Customer Knowledge Base | Direct Service, Construction & Design Support Center

Contact Us

Budgeting for Occupancy Report Repairs & Corrections

Applying for Occupancy Permit, or having the City send you notification that you're due for an Occupancy Inspection, usually ends up generating an inspection report. This report details any and every thing that the inspectors find that needs correction in order to comply with standard codes and practices, along with unsafe things they notice.  

Report Layout and Interpretation 

These reports are usually sectioned by trade, i.e., Mechanical, Electrical, Plumbing, Signage, Structural, etc. and are often confusing.  For instance, the structural inspector will note that they would like more exit/ egress lighting installed, which you would think would be in the electrical section of the report, but often it is not.  

In the report, you'll typically find references to code citations and very general "Fix anything that is broken..." type comments.  These are generally there to make sure you double-check these items and ultimately to reassign the responsibility as the owner or lease-holder to fix anything related to those subjects.  In general, these items are 'copy-pasted' and appear very generic and non-specific.  

When you see anything prefixed with 'Additional Comments:' wording, those are specific comments that the inspector(s) have noted and often have slightly more specific wording, i.e., 'Fix the light that is hanging over the door and about to fall at the back of the warehouse'.  You'll want to study any and all 'Additional Comments,' as these are the key areas of immediate focus when attempting to make repairs. 

You'll often also see at the top of each section some wording such as 'A Master ______ technician will need to apply for a permit for this work'.  When you see that noted in your report, it means exactly what it says... that work will need to be permitted specifically. 

How to get the report addressed and repairs made properly

  1. Send us the report via email. 
  2. We'll review the report and either begin the process of procuring permits and repairing, or we can pause and create a preliminary estimated budget. 
  3. After the work has been completed, we'll attempt to call for appropriate inspections and get passing 'Green Tags' on all the work performed. 
  4. Often, inspectors will return and find MORE items that they would like to see corrected, at which point, we mobilize again and make further repairs, repeating these steps until we've gained their satisfaction and approval.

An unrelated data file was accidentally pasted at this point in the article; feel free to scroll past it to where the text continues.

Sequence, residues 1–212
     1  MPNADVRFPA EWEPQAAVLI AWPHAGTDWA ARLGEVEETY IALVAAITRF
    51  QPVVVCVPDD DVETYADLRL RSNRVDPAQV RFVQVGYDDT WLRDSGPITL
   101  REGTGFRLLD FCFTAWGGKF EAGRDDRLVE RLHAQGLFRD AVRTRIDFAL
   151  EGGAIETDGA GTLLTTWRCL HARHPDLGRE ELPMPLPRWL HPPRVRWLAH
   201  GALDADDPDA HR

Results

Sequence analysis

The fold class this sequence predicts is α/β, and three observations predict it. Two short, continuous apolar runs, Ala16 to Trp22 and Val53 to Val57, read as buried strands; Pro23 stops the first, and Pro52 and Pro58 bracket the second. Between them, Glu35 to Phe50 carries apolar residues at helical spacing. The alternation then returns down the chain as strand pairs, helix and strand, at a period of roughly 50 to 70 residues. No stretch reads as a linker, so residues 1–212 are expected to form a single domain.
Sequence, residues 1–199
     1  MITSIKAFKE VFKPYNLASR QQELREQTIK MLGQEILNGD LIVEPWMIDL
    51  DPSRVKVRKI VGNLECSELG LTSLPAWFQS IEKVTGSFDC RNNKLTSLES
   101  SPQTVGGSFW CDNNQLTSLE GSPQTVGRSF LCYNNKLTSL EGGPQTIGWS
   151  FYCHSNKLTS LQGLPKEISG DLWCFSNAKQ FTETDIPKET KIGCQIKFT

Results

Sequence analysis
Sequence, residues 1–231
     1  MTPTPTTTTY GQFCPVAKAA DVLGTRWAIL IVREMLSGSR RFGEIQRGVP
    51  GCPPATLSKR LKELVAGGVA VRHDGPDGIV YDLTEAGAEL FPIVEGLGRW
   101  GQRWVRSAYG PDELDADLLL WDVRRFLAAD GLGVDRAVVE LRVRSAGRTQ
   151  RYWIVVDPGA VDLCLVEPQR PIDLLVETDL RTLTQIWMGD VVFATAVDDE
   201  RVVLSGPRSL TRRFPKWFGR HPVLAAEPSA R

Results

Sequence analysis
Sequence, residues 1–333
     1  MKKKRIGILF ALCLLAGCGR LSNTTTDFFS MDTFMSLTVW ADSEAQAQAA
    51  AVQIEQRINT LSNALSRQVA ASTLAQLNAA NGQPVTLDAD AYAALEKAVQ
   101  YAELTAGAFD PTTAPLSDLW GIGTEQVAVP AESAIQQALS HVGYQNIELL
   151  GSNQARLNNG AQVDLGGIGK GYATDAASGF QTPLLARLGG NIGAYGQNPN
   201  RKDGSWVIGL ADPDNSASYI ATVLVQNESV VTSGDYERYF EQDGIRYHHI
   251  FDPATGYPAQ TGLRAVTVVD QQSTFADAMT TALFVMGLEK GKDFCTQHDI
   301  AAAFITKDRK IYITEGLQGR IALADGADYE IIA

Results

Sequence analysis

5. At the point wherein all repairs are complete and everything's been inspected, the authority having jurisdiction (City) will release your occupancy permit to you. 

Budgeting for Occupancy Permit Repairs

When you request a quote for occupancy repairs, we're only able to firmly quote 'hard scope' items and those types of items are usually absent from occupancy inspection reports. Since the nature of occupancy reports is usually too vague, this makes firmly quoting occupancy repairs extremely difficult if not entirely impossible.  Unfortunately, if you insist on a firm number, we often simply will not be able to provide one.

What we can do, however, is analyze the report, assign some basic values and allowances to certain aspects that have been referred to in the document based on our experience, analyze what we see for ourselves in your facility. and attempt to get a proper working budget to your for consideration.  In these instances, we usually refer to these budgets as Not-To-Exceed amounts.  

We'll mobilize on the work, complete what we anticipate the inspectors would like to see to the best of our knowledge, call for final inspection and hope that everything meets their satisfaction and no more budgeting is required.  

Read more on quotes vs. budgets

This article has been shared by Direct Service, Construction and Design to specifically accommodate our intended clientele.  The intent of sharing this information is to better inform the public of these general topics, expand knowledge and safety for all and provide crucial information in regard to their MEP and building systems and/or assets. It is NOT our recommendation that any article recommendations or how-to scenarios be attempted by anyone other than a qualified or competent person.